But beware. A surgery can also reduce the value of your claim. How? Surgeries can sometimes resolve an injury almost completely, so this removes the pain and suffering portion of a claim. A prime example is scar revision surgery. If the doctor does a great job, then the scar won’t be visible. This would be great for you and bad for the value of your case. But that’s a good thing, right?

Emotional Distress.

Oh, the often overlooked emotional distress claim. Injuries are not always on the outside, so many people ignore them. Don’t. I recommend that all of my clients get counseling for at least a couple visits to make sure the physical injuries didn’t cause PTSD or leave them with any other deep rooted issues.

Disfigurement.

Scarring and a loss of a limb are very traumatic injuries. As a result, these types of claims are worth substantially more due to the need for treatment in the future and effect on the person’s quality of life.

Length of Treatment.

Some insurance companies use programs like Colossus to value cases. A big factor in valuing claims is the length of treatment. The first key hurdle is getting past the 90-day mark. Once you’ve hit this mark, then your value jumps quite a bit. But be careful because overdoing it will cost you big time. Going longer than about 14 weeks can cause your case value to decrease.

Another part of this is the perceived value based upon your length of treatment. Obviously, juries are going to think you were more severely injured if you treat for a longer amount of time.

Your Job Status and Income Prior to the Injury.

It’s sad but true. If you had a good job and high income, juries value your claim higher than if you didn’t have a job. Part of this is bias, but part of it has to do with lost wages and loss of earning capacity, discussed below.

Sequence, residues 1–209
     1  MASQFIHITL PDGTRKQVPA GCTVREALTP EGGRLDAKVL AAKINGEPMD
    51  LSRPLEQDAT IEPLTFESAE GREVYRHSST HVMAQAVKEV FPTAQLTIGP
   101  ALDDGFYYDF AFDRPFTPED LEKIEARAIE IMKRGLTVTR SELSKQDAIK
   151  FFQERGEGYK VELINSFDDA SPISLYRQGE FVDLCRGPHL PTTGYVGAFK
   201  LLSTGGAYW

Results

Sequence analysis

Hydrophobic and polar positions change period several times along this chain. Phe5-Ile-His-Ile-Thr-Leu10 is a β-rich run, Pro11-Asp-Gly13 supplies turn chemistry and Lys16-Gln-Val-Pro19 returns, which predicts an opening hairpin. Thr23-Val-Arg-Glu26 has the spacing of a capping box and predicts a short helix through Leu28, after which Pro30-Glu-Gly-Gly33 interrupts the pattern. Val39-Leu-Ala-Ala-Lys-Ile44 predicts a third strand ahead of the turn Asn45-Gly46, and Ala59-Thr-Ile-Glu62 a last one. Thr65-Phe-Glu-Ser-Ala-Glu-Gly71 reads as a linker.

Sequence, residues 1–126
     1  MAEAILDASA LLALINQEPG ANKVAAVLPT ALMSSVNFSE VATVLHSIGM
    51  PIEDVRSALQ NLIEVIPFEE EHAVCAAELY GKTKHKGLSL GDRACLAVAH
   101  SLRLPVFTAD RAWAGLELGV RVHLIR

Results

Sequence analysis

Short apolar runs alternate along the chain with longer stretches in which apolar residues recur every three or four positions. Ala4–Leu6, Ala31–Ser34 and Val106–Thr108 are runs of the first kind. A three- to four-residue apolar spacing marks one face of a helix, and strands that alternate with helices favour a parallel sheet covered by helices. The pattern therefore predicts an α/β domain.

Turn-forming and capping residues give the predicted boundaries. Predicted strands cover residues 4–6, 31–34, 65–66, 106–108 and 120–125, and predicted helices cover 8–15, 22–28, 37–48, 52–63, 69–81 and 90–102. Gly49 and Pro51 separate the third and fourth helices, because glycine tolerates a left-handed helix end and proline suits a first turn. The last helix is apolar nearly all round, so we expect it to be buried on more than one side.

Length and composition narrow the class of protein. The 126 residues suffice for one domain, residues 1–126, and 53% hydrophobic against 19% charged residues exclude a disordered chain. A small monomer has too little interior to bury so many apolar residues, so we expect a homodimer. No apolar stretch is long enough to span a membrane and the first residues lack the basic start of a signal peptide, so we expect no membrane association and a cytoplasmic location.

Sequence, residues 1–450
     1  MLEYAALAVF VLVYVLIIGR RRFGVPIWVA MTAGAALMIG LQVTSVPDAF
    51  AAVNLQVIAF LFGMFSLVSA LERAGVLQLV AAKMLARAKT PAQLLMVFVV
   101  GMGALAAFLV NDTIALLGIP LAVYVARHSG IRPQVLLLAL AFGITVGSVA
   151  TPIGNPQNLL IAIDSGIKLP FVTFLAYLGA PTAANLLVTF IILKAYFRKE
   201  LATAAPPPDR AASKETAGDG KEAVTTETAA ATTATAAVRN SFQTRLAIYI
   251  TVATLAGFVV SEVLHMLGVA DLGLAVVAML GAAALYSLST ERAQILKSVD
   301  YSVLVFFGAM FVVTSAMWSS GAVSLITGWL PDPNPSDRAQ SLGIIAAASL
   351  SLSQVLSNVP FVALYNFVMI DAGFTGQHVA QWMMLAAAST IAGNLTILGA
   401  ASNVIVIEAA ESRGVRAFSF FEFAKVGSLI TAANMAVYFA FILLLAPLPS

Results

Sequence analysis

Whether You Have Health Insurance.

Tort reform and changes in case law in Missouri have dramatically changed how much you can recover if you have health insurance. At trial, all the jury gets to see is the amount you owe for your medical bills. If your health insurance didn’t pay for your bills, then the jury gets to see the full amount. For example, assume your ER visit was $10,000. If you had health insurance pay for your bills, the jury sees that you went to the ER and that you owe nothing. If you didn’t have health insurance pay your bill, however, then the jury gets to see that you went to the ER and that you owe $10,000. That’s $0 vs $10,000!

What may seem like a small thing could mean the difference in you getting $0 at trial and you getting $100,000. This is why handling your medical bills the right way is crucial.

Lost Wages.

Lost wages means wages that you missed out on because you couldn’t work due to your injuries or because you had to get treatment. This can also include lost business if you are self employed. Proving lost business is extremely difficult to prove, so keeping proper records is key.

Loss of Earning Capacity.

This means losing the ability to earn a living, either temporarily or permanently. This also includes not being able to make as much money as before. Proving this part of a claim usually requires an economist, which usually costs a minimum of $5,000, so your lost of earning capacity claim needs to be substantial to pursue this type of claim.

Venue.

Where you pursue your claim matters. It’s true that cases in the City of St. Louis are worth more than in St. Louis County. And cases in St. Louis County are worth more than in St. Charles County and Boone County. This is because of the differences in the jury pools, political environments, and exposure to injury cases. Knowing this allows you to do a better job of valuing your case.